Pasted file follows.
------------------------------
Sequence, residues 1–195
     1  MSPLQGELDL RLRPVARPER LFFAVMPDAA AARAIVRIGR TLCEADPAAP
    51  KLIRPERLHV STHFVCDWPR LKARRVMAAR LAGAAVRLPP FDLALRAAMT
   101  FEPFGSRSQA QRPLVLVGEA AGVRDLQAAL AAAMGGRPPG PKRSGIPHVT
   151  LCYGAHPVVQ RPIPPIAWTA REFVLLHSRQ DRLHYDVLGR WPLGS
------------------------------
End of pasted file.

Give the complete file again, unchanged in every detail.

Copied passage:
Sequence, residues 1–195
     1  MSPLQGELDL RLRPVARPER LFFAVMPDAA AARAIVRIGR TLCEADPAAP
    51  KLIRPERLHV STHFVCDWPR LKARRVMAAR LAGAAVRLPP FDLALRAAMT
   101  FEPFGSRSQA QRPLVLVGEA AGVRDLQAAL AAAMGGRPPG PKRSGIPHVT
   151  LCYGAHPVVQ RPIPPIAWTA REFVLLHSRQ DRLHYDVLGR WPLGS